Caution – 14 Sneaky Plants Lurking Around Your Home That Can Seriously Irritate Your Skin

When working on your homestead, it’s important to be aware of plants that can cause skin irritation. Knowing how to identify and avoid these plants can save you from uncomfortable rashes and itching.

1. Poison Ivy

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Poison ivy is a common culprit of skin irritation, causing an itchy, blistering rash. The plant contains an oil called urushiol, which triggers the allergic reaction in many people. Look for leaves in clusters of three with a glossy appearance. Source

2. Poison Oak

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Similar to poison ivy, poison oak contains the same irritating oil, urushiol. It can cause a red, itchy rash with blisters. Poison oak leaves resemble oak leaves and grow in clusters of three. Source

3. Poison Sumac

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Poison sumac is another plant that contains urushiol, causing skin irritation. It grows as a shrub or small tree, often in wet areas. The leaves are arranged in pairs with a single leaf at the end. Source

4. Wood Nettle

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Wood nettle, also known as stinging nettle, has small hairs on its leaves and stems that contain formic acid. When touched, these hairs can cause a burning, stinging sensation and a rash. Source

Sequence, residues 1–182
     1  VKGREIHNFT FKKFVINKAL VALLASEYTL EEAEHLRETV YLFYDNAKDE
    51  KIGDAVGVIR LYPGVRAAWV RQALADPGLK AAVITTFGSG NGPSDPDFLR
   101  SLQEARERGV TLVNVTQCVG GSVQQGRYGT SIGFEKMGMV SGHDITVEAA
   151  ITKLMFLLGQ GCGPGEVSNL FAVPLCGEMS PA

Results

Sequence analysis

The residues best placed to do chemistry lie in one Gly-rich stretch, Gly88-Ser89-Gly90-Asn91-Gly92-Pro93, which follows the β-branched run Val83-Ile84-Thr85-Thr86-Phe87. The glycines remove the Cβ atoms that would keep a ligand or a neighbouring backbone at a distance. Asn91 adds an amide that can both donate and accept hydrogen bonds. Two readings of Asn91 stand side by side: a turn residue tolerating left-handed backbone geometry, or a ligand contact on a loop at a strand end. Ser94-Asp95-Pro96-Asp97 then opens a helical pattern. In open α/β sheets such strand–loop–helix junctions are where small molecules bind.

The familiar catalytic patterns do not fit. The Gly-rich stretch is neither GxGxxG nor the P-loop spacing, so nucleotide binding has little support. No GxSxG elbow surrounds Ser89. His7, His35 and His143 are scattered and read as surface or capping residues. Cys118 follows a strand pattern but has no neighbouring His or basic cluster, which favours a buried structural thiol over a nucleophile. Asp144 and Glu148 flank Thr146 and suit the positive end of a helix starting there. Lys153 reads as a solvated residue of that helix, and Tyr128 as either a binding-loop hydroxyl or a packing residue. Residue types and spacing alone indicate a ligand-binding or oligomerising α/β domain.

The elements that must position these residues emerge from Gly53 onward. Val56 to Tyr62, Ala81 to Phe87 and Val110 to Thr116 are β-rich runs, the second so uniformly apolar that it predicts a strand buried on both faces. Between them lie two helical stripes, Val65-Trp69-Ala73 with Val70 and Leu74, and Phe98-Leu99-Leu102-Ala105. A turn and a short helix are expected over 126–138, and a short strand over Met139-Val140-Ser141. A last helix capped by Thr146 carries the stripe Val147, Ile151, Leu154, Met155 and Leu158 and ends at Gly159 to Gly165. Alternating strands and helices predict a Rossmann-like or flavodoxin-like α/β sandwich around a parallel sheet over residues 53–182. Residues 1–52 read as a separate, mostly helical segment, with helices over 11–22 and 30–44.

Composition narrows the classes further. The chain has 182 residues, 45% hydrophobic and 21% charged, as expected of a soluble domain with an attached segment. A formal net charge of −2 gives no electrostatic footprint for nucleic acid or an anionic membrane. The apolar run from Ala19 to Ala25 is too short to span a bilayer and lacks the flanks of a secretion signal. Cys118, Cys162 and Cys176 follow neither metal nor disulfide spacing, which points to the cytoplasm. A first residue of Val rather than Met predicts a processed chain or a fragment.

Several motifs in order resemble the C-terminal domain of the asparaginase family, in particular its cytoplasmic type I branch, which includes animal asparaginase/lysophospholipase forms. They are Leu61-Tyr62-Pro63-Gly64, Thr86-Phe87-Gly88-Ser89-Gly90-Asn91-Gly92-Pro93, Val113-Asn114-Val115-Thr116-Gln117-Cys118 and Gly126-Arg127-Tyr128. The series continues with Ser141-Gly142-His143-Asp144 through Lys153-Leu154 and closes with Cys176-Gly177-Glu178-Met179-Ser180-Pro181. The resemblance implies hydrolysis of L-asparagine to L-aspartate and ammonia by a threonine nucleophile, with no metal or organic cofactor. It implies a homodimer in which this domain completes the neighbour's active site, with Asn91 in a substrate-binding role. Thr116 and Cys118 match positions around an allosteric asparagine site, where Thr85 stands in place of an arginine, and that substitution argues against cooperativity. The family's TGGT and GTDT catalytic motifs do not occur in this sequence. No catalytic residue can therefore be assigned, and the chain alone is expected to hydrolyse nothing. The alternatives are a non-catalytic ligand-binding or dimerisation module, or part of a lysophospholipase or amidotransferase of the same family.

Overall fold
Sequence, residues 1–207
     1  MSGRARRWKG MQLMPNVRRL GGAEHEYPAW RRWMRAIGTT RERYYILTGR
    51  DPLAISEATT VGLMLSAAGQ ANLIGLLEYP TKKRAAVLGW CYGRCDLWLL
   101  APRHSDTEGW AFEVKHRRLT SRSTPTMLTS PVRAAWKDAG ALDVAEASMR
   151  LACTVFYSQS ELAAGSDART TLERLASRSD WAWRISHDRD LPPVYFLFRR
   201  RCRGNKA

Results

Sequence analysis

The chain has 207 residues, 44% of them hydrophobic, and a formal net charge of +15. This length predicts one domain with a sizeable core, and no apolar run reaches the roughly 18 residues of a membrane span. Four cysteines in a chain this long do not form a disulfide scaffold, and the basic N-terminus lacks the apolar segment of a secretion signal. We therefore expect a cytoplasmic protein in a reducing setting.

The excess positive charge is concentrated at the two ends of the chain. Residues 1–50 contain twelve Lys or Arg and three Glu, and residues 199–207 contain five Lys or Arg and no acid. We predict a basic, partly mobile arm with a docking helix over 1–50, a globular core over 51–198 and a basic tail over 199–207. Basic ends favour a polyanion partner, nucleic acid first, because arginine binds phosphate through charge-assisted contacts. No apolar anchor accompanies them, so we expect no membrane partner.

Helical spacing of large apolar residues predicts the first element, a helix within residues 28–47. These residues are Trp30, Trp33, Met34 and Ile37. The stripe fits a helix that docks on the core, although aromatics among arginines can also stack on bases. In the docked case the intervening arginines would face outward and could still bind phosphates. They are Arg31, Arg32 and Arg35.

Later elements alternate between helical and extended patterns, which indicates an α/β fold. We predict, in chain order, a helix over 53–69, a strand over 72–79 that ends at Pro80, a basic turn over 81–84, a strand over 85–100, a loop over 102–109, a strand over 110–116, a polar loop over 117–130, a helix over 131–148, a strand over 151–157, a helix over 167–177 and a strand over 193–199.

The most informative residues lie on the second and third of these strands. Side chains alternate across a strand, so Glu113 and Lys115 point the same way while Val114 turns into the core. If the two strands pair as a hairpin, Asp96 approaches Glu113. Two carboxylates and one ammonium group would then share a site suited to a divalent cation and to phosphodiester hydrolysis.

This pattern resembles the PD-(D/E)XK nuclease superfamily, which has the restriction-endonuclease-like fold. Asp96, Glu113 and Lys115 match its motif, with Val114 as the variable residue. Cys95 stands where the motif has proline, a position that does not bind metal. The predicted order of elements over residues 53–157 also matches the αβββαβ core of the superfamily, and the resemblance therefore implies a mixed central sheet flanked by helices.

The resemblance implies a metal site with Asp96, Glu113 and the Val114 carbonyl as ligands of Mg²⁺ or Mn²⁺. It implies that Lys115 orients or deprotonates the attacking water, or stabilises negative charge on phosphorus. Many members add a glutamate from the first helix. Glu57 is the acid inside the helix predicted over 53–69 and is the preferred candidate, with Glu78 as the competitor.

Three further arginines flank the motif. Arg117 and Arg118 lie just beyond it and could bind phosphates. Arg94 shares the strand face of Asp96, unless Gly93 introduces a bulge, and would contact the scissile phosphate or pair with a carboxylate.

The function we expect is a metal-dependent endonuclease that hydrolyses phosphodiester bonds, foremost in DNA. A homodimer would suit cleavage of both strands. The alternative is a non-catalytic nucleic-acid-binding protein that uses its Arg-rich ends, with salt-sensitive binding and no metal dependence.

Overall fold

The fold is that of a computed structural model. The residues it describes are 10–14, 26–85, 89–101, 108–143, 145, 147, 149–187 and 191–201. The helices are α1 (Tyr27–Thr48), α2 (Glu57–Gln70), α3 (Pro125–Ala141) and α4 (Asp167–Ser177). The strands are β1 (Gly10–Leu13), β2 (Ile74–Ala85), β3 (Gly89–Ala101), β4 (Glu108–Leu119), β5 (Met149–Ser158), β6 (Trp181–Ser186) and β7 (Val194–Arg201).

5. Giant Hogweed

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Giant hogweed is a large, invasive plant that can cause severe skin irritation. Its sap contains chemicals that make the skin sensitive to sunlight, leading to blisters, burns, and even scarring. Source

6. Leadwort

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Leadwort, or red root, can cause skin irritation in some people. The plant has small, blue flowers and dark green leaves. It’s often found in rocky areas or along roadsides. Source

7. Ragweed

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Ragweed is known for causing hay fever, but it can also irritate the skin. The plant has fern-like leaves and small, greenish flowers. It’s commonly found in fields and along roadsides.

8. Rue

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Rue is an herb with bluish-green leaves that can cause skin irritation when touched. The plant contains furocoumarins, which can make the skin more sensitive to sunlight, leading to blisters and rashes.

9. Queen Anne’s Lace